Last week The Chicago Tribune ran an article on job seekers who felt geography was the hindering their job searches. According to the article, “In the first quarter of this year, 14.3 percent [of job seekers who found work] relocated for a job; in the second quarter of 2008, 11.4 percent moved for work.”
We’ve mentioned before the roles of your city and state in job hunting. Location, location, location–it’s not just important to real estate agents. It’s also not an easy move to make, either. If relocation only involved getting a job, people would be hopping across the country without a second thought. However, people tend to have–you know–lives! Family, children, mortgages, schools, sentimental attachments. These factor in to why we live were we live.
Unfortunately, part of life is paying bills and making ends meet. That usually relies on a job. And that brings us back to the question: Would you relocate for a job? Your answer could depend on your occupation. I know that several professors I had in college went where the jobs were. Tenured professors don’t leave and not every school offeres the same courses, so picking a city and assuming you’ll find a job isn’t usually possible.
Therefore one professor who earned his Ph.D. in Victorian literature, which meant only a certain number of relevant openings were available each year. Many medical professionals also follow suit and go where their specialization is needed. If you’re in sales, you could have an easier time finding opportunities throughout the country. However, as the article said, the amount of job seekers outnumbers the amount of job openings. So anyone looking for a job has to address the possibility of relocation. Is it an absolute no for you? Is it a maybe? Is it something you’ll likely do?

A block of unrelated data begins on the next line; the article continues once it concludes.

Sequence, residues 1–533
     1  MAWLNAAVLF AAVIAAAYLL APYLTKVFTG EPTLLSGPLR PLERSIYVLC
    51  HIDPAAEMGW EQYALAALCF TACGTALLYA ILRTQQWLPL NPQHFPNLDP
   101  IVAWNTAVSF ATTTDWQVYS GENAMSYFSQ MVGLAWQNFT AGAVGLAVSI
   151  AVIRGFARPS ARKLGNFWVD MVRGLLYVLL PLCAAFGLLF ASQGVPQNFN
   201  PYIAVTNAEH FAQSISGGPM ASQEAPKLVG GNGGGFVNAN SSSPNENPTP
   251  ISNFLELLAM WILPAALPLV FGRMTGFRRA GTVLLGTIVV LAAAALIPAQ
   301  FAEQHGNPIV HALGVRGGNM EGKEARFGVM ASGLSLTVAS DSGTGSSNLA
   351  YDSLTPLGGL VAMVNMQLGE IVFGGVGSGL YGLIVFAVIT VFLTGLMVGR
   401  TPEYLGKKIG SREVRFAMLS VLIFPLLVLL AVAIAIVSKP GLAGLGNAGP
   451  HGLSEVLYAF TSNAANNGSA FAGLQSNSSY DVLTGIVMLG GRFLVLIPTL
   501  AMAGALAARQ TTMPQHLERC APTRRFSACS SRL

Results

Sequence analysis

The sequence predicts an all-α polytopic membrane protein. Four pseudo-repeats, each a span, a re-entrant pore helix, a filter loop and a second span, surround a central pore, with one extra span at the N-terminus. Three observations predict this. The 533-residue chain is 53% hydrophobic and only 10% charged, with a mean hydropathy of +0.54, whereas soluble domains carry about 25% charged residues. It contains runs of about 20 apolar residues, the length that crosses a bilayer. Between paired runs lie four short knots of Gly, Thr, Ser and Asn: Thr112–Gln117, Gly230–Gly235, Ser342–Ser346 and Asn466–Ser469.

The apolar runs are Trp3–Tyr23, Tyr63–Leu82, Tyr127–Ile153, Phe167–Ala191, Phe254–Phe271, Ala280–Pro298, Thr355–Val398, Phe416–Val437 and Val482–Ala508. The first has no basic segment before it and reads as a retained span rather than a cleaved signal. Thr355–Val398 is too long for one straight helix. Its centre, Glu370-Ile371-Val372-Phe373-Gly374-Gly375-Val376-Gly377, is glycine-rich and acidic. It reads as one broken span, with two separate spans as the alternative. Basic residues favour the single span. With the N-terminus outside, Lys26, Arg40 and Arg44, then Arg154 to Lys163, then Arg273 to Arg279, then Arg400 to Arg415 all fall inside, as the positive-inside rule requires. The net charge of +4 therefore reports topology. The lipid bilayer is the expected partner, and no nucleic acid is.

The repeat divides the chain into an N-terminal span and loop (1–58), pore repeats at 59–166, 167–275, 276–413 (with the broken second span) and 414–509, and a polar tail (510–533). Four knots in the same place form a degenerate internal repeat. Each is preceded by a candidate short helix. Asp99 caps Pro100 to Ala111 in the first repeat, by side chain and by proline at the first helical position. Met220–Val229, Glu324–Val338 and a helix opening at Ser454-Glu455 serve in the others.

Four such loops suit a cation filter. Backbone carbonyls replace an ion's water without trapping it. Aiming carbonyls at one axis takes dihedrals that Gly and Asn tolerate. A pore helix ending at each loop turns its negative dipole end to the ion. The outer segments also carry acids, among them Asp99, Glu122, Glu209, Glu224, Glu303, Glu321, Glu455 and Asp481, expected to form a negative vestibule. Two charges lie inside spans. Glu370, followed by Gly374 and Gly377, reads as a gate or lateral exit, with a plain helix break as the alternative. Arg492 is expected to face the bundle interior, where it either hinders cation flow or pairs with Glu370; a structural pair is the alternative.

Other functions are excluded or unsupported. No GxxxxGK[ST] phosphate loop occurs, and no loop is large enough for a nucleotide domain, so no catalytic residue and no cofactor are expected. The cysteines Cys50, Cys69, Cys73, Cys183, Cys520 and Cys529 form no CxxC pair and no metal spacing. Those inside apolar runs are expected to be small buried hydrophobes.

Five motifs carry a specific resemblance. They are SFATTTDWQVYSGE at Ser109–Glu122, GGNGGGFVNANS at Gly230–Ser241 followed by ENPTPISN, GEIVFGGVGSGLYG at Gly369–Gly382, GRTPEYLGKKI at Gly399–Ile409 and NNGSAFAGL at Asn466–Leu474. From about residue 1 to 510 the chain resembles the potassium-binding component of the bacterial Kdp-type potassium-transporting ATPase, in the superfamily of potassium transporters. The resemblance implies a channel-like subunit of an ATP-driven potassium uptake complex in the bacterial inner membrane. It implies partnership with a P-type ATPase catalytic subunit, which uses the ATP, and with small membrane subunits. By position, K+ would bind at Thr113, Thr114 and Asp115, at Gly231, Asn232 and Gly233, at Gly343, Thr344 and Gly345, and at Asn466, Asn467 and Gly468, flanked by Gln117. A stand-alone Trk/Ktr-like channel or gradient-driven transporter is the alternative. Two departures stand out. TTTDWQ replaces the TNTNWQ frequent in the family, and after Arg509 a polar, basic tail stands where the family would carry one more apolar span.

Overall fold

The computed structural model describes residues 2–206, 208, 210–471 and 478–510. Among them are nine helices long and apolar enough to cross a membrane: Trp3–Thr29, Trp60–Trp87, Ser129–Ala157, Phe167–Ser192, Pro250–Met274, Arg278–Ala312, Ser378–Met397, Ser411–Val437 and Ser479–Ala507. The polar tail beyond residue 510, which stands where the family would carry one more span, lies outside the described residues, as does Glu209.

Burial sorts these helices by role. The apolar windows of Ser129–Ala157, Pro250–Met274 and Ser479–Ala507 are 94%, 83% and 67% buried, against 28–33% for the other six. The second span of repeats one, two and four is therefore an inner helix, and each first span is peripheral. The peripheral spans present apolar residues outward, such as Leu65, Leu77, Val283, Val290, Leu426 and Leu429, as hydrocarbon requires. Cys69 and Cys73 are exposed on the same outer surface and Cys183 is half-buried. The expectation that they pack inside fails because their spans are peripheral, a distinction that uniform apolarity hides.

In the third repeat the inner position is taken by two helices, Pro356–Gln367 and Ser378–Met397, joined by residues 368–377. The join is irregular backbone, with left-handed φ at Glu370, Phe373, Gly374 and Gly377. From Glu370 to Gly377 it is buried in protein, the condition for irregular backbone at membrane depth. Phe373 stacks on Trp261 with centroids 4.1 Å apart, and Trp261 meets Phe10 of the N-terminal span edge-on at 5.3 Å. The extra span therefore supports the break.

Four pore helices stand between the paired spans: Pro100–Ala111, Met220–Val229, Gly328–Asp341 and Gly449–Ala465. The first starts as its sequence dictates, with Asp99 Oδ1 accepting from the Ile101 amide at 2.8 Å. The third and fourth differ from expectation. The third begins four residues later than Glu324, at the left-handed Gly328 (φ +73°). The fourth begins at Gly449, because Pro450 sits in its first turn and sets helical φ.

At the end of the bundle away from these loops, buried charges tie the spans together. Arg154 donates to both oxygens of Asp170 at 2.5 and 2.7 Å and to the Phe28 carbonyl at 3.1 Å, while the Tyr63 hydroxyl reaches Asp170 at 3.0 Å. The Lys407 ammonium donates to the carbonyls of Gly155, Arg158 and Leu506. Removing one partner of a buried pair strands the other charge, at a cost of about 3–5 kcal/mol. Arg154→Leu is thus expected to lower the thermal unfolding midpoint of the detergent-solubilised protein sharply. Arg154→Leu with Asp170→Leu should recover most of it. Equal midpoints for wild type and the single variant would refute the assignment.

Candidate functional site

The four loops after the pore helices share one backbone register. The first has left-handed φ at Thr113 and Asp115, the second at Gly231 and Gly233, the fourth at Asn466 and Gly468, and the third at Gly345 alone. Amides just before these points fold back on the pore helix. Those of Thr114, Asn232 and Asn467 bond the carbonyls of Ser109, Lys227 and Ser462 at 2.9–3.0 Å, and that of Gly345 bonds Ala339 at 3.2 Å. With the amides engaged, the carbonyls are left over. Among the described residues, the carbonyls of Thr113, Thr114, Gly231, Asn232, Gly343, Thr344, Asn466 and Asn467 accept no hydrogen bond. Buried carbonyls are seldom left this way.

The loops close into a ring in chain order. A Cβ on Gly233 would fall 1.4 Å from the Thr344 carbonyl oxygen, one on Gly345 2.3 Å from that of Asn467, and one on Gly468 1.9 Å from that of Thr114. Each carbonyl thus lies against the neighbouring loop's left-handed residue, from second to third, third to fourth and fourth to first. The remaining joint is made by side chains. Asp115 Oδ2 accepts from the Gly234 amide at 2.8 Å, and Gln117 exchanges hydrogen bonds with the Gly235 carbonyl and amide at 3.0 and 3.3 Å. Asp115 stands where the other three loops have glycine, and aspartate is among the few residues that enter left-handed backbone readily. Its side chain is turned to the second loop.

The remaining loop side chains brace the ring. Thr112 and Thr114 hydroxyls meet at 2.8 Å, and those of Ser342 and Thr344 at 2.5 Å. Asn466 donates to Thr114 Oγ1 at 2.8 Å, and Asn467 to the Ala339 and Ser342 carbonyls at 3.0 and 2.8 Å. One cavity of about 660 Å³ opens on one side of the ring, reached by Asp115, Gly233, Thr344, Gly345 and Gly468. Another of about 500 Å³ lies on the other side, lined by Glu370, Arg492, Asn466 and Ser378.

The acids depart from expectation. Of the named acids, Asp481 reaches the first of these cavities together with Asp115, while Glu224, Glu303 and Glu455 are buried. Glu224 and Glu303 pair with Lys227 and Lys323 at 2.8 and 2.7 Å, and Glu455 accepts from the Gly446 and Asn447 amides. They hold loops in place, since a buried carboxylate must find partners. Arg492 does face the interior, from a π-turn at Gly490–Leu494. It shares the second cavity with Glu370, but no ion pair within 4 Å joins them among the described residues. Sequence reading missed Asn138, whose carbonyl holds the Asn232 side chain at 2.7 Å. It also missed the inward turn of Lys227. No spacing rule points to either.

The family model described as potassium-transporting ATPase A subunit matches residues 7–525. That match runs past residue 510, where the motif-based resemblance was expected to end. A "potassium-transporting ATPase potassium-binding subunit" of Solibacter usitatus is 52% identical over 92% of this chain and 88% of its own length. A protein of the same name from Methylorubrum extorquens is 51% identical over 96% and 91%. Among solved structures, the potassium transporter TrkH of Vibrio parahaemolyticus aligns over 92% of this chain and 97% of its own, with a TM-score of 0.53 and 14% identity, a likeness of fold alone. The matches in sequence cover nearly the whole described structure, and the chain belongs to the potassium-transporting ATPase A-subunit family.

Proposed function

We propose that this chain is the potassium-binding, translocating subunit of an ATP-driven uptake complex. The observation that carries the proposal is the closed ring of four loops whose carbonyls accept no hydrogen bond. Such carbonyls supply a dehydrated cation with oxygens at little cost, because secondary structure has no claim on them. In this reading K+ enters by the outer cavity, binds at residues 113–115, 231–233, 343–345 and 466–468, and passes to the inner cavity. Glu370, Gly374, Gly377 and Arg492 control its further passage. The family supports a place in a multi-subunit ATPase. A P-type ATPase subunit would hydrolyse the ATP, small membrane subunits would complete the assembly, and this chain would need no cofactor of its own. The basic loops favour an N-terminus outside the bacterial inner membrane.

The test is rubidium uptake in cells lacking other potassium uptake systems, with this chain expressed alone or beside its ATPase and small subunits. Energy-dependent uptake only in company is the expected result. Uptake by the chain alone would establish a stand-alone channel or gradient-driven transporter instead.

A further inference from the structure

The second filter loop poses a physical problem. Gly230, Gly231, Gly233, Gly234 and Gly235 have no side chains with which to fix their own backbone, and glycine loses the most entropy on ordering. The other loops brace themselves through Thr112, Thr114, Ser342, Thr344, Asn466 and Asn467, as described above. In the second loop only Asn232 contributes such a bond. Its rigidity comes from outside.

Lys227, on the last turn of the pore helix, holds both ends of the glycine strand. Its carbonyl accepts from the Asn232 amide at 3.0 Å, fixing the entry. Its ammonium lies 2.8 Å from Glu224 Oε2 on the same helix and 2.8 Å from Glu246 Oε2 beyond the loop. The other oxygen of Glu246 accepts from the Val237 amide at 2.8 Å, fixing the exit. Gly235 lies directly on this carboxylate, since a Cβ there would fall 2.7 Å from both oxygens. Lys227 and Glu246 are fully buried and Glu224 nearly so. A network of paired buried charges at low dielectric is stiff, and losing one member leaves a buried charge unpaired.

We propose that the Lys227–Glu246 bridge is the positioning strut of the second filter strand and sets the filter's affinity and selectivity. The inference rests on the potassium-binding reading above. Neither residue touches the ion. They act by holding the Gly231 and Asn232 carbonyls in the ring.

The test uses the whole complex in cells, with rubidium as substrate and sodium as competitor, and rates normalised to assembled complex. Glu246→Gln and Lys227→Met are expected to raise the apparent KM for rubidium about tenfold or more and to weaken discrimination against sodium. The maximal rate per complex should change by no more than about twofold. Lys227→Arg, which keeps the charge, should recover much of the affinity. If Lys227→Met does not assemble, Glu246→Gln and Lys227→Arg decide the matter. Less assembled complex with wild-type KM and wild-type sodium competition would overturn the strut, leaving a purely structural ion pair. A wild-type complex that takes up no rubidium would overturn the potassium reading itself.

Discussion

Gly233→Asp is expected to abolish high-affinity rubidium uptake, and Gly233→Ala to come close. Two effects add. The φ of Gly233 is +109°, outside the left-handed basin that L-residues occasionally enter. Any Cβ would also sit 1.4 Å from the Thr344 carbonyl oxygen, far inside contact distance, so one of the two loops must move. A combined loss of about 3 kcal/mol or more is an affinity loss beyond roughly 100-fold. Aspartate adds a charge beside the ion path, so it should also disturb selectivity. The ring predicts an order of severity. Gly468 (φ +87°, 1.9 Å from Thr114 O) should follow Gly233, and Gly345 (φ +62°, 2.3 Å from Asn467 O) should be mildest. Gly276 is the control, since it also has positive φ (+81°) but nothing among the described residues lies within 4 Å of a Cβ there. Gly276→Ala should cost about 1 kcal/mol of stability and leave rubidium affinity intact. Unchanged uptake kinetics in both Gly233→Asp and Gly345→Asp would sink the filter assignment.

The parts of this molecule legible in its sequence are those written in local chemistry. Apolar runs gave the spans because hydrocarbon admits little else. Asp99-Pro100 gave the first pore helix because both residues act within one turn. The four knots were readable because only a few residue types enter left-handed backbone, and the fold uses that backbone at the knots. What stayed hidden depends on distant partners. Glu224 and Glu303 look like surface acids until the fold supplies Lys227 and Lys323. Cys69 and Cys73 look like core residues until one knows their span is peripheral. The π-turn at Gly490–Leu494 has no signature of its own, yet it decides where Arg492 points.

To help you make your decision, here are some questions to ask yourself:
- What is the entire cost of the move itself?
- What is the comprehensive cost of living adjustment?
- When is your last day on the old job and your first day of the new one?
- What are your career opportunities in this new city?
- What does saying “no” to the relocation mean for your career?
- If you’re switching employers, what are your career opportunities at the new company?
- Do you want to move?
There are no rights or wrongs to these answers. You have to decide for yourself what you’re willing to sacrifice and what risks you want to take. Just remember that the decision to relocate is more involved than just changing your address at the Post Office.
If you’ve moved for a job, let us know if it worked out for you. Did you get the job before you moved or did you just move and take a chance?